Notice Law - N4 (Non-Payment of Rent)

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TEL-14224-11 (Re), 2011 CanLII 34685 (ON LTB)

4. The Tenant paid $776.47 for April’s rent in March 2011, which was not credited to her at the time the Landlord served the N4 Notice and filed the L1 application. As a result, I find that the N4 Notice is defective and the tenancy cannot be terminated at this time. The Landlord chose to proceed with the application, seeking rent arrears and costs only.

Residential Tenancies Act, 2006

106 (1) A landlord may require a tenant to pay a rent deposit with respect to a tenancy if the landlord does so on or before entering into the tenancy agreement.

(2) The amount of a rent deposit shall not be more than the lesser of the amount of rent for one rent period and the amount of rent for one month.
(6) A landlord of a rental unit shall pay interest to the tenant annually on the amount of the rent deposit at a rate equal to the guideline determined under section 120 that is in effect at the time payment becomes due.
(9) Where the landlord has failed to make the payment required by subsection (6) when it comes due, the tenant may deduct the amount of the payment from a subsequent rent payment.

CEL-06197-10 (Re), 2011 CanLII 5921 (ON LTB)

1. At the time the N4 was filed, it was defective as the rental arrears claimed for March 2010 were paid. The application for termination could not proceed as the N4 notice on which it was based was void. Therefore the Landlord’s application is dismissed.

2. Irrespective of the fact that the Tenant may have incurred new arrears by the date of the Landlord’s application filed on August 3, 2010, (namely that the Tenant owed rent for August 2010), and arguably she incurred further rental arrears after that date, because the N4 is fatally defective, the Board cannot terminate under this application. The Landlord did not seek to amend the application to pursue arrears only. Accordingly such arrears claims cannot be adjudicated by means of this application.

3. Rule 1.4 of the Landlord and Tenant Board’s Rules of Practice and case law concerning the notice provisions in the Act uphold a strict interpretation for any problems found in an N4 Notice. Rule 1.4 does not allow a member to disregard any defect in a document created before the application is filed.

TSL-85025-17 (Re), 2018 CanLII 42621 (ON LTB)

2. The Landlord requested to amend the application to correct the name of the corporation in the style of cause. The Tenants did not dispute that the Landlord was incorrectly named in the application and in the notice of termination but they argued that the incorrectly named landlord rendered the notice of termination void. However, as I explained at the hearing, section 43 of the Residential Tenancies Act, 2006 the “Act”), which sets out the essential elements of a notice of termination, does not specifically state that a landlord must be correctly named in a notice. Therefore, I find that the landlord’s failure to name itself correctly in the notice does not render it defective and void.
3. The Tenants also raised the recent amendment to section 48 of the Act, which prevents a corporation from filing a landlord’s own use application. However, that amendment came into effect on May 30, 2017, several months after the Landlord’s application was filed and it does not apply to this application. In the present case, the Landlord corporation owns the residential complex. It filed an application seeking vacant possession of the rental unit so the son of the sole owner of the corporation can move into the unit. I am satisfied that the individual owner, CB, is the directing mind of the corporation. As such, I am satisfied that CB meets the definition of “landlord” in the Act because he is also an owner of the rental unit. Accordingly, CB will be referred to as the Landlord in the remainder of this order. This approach is consistent with the court’s decision in Slapsys (1406393 Ontario Inc.) v. Abrams, 2010 ONCA 676 (CanLII).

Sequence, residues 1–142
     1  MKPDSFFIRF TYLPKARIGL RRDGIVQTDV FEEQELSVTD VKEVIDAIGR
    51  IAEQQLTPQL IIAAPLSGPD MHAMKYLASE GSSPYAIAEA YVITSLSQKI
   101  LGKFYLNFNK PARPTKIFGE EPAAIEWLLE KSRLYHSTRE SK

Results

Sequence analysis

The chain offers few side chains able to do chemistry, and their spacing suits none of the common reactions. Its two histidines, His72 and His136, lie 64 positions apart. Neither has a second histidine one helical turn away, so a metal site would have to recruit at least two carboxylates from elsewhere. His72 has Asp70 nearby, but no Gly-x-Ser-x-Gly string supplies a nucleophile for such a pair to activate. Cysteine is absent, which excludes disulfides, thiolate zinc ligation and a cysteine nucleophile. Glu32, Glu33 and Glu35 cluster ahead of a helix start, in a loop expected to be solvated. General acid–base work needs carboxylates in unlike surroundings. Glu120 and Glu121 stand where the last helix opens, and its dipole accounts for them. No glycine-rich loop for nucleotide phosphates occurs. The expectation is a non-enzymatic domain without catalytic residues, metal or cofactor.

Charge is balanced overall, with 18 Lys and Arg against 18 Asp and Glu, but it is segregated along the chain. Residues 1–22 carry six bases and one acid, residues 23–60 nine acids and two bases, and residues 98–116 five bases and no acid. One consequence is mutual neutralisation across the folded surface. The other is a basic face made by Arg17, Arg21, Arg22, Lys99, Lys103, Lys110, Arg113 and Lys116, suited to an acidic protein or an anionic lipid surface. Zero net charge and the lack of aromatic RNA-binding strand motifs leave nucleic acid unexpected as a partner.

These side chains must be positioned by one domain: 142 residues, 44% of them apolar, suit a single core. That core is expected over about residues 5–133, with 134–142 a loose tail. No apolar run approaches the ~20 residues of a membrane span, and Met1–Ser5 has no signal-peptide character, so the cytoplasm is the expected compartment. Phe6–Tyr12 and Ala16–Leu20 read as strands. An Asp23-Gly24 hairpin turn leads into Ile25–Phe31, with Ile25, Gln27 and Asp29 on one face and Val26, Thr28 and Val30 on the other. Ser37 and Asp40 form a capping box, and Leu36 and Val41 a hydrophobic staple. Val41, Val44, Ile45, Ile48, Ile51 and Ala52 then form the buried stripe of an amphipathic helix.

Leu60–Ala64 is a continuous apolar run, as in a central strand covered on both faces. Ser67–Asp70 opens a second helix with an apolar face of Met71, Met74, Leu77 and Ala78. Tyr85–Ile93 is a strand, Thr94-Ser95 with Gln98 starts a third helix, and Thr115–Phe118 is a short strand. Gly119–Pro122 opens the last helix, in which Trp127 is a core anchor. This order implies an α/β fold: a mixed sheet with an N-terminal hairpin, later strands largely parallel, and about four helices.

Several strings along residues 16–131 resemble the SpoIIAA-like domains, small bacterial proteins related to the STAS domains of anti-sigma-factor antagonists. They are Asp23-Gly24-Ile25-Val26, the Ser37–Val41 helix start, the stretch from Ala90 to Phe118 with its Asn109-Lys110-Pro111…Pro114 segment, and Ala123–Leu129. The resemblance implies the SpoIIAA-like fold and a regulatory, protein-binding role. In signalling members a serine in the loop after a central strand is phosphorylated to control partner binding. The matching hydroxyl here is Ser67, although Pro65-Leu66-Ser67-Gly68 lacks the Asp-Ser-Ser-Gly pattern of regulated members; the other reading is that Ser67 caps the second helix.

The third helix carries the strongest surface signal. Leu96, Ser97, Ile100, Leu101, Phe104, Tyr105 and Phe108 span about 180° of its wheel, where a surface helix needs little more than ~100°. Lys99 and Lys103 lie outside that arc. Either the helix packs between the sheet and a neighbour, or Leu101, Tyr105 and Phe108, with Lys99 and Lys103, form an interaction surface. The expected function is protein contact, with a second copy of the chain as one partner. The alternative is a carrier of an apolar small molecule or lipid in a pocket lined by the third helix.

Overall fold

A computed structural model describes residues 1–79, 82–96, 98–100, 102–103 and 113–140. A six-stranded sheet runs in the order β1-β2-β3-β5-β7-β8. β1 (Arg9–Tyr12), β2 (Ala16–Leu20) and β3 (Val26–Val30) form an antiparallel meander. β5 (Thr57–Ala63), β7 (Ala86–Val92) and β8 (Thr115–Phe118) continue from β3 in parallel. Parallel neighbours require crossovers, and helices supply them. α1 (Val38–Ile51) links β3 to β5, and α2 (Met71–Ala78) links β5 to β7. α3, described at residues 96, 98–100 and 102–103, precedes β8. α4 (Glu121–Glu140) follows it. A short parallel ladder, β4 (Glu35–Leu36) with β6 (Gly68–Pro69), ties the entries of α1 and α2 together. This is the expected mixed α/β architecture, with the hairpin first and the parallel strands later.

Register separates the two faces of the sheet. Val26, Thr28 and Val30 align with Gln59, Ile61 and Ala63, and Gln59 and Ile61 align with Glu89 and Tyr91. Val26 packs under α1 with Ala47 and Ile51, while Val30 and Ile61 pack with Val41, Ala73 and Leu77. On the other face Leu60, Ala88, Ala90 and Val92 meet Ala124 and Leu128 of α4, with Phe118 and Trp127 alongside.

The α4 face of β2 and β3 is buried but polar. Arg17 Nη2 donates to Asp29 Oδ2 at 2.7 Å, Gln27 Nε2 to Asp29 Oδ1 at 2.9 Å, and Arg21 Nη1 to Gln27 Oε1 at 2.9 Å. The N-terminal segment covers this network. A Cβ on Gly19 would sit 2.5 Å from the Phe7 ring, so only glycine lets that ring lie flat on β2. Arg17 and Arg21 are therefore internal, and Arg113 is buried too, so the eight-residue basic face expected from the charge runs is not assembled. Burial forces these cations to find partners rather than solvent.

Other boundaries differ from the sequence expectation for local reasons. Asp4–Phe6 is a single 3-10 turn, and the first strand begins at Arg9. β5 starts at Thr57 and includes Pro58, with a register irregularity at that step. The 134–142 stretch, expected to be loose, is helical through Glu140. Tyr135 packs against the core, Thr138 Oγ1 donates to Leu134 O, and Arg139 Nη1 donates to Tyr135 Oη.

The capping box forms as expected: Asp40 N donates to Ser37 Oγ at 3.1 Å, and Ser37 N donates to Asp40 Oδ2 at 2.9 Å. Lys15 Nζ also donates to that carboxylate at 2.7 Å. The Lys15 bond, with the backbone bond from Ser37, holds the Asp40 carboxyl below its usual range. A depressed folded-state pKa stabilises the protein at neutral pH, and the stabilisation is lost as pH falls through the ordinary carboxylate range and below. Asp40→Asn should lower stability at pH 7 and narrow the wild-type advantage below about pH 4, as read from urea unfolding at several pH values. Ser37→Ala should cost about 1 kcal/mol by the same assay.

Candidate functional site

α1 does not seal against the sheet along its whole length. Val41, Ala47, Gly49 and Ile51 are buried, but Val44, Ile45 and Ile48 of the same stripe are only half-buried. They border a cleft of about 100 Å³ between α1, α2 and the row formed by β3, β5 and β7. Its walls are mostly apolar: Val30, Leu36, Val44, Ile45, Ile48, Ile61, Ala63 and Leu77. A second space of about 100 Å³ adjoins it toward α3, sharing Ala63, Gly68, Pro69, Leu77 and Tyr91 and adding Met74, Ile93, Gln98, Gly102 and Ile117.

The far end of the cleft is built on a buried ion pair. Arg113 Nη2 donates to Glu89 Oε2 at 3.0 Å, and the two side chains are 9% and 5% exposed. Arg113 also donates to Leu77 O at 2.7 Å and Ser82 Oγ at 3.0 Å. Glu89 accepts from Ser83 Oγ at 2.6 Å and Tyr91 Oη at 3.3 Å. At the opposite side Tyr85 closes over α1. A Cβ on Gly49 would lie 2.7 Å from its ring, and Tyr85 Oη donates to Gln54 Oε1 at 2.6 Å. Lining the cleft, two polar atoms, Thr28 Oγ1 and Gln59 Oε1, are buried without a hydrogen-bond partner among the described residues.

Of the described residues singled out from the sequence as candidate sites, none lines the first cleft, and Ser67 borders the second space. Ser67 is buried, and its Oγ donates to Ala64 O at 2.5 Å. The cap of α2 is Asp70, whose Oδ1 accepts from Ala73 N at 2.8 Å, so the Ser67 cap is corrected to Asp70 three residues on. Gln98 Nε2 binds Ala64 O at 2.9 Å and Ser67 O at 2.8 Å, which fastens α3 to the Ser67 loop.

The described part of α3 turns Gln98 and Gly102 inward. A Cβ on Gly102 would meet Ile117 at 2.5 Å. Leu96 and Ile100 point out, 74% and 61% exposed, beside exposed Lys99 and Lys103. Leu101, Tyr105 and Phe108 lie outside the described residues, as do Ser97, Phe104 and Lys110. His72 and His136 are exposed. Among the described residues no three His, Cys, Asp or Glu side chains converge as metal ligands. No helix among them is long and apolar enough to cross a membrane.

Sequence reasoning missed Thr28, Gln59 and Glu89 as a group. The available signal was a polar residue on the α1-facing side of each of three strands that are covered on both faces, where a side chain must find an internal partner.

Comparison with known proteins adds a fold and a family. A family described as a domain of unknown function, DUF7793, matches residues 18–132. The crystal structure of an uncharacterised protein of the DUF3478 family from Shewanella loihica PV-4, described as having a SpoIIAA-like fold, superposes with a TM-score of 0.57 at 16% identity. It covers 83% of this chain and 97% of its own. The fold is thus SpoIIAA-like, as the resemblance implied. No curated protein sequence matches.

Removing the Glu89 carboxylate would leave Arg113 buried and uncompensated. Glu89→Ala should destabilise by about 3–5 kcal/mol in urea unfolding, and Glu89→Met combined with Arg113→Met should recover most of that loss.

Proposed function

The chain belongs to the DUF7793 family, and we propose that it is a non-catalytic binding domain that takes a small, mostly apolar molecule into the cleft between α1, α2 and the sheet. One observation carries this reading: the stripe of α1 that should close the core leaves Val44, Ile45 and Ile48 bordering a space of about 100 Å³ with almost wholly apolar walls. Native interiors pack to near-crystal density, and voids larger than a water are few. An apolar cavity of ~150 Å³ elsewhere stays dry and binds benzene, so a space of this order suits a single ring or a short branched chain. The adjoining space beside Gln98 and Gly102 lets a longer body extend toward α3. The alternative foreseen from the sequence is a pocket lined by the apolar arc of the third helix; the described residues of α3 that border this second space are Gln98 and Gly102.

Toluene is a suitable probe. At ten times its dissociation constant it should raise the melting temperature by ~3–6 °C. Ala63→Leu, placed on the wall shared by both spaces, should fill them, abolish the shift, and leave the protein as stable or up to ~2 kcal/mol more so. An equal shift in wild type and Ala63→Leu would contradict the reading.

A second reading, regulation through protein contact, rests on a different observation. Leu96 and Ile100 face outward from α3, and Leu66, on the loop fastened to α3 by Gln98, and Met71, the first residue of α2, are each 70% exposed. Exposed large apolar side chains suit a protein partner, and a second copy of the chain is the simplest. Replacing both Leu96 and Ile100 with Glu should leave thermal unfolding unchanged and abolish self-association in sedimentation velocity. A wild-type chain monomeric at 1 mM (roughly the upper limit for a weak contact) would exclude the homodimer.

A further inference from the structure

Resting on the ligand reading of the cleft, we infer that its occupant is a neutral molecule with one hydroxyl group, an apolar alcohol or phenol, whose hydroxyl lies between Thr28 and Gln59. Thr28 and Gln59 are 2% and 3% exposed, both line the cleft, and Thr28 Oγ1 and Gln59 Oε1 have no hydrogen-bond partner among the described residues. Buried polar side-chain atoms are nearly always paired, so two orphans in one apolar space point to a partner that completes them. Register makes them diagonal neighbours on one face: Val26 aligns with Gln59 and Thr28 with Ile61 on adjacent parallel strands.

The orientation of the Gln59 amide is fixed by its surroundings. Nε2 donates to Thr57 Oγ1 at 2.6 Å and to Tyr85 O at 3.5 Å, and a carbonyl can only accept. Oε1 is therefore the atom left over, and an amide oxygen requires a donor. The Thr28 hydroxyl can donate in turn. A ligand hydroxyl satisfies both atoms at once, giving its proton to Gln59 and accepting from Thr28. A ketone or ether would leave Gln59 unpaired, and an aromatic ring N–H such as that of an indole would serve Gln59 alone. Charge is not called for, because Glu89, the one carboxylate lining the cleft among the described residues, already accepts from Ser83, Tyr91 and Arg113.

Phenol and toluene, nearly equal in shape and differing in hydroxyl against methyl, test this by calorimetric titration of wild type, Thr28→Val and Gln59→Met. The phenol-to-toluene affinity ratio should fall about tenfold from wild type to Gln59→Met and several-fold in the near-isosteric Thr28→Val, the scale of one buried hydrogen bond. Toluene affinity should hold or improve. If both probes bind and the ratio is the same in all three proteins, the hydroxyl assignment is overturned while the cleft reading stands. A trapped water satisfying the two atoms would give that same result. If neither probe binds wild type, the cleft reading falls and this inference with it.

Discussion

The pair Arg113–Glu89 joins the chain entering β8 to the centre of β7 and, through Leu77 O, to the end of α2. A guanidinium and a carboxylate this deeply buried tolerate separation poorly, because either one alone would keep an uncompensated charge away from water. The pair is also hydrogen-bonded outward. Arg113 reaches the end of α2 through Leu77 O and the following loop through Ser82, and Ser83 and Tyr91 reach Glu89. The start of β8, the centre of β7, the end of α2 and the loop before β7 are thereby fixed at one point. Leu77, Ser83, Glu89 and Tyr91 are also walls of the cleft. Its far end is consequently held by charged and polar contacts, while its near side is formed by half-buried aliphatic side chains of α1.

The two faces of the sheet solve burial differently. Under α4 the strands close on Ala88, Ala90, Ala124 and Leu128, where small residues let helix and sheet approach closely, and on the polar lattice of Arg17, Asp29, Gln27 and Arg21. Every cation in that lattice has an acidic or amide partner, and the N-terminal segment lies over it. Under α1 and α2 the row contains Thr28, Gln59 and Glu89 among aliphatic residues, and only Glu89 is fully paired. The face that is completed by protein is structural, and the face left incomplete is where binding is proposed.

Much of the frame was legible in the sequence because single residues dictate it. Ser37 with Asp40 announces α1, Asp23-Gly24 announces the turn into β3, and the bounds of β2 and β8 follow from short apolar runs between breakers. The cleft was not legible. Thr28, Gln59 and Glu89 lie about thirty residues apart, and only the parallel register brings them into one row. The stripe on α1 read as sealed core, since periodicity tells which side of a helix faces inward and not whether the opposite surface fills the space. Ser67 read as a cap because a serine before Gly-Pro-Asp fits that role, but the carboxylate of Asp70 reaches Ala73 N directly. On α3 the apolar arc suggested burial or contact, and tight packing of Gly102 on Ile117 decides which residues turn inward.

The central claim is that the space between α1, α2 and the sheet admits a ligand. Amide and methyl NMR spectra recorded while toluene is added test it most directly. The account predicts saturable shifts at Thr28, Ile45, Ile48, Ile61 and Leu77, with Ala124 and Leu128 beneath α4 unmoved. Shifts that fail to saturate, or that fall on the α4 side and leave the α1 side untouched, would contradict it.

Nejad v Preddie, 2016 ONSC 4348 (CanLII)

[40] In Ball v. Metro Capital Property, [2002] O.J. No. 5931 (Div. Ct.), the tenant appealed an order terminating a tenancy under the Tenant Protection Act, 1997, S.O. 1997, c. 24 following service of a Notice to Terminate a Tenancy Early in Form N5 under that Act. As with the N4 here, the Tenant Protection Act required that the notice set out the grounds for termination. The Court found that the notice was seriously deficient in that it failed to provide details about the reason for notice, was void as a result, and that the Member had no jurisdiction to make the order requested.

CEL-59665-16-RV (Re), 2016 CanLII 88119 (ON LTB)

15. In some situations, the actual address a person resides at is not an address where mail is reliably delivered. For example, a rural address may not have mail delivery and a P.O. Box in the closest town will be the mailing address. In that situation, a landlord would never be able to comply with the narrow interpretation of section12.

16. As long as the Landlord provided an address for service of documents the requirement of section12 has been met. The address does not have to be the personal address where the Landlord resides.

17. This reasoning was adopted by the Ontario Divisional Court in N v P, 2016 ONSC 4348 (CanLII). The Court determined that providing the address of the landlord’s lawyer for service of documents met the requirements of section12 of the Act.

18. Since the Landlord provided an address for service of documents in the written tenancy agreement, the Tenants’ obligation to pay rent was not suspended and the finding that the N4 notice was not permitted was a serious error.

TSL-75068-16 (Re), 2017 CanLII 60205 (ON LTB)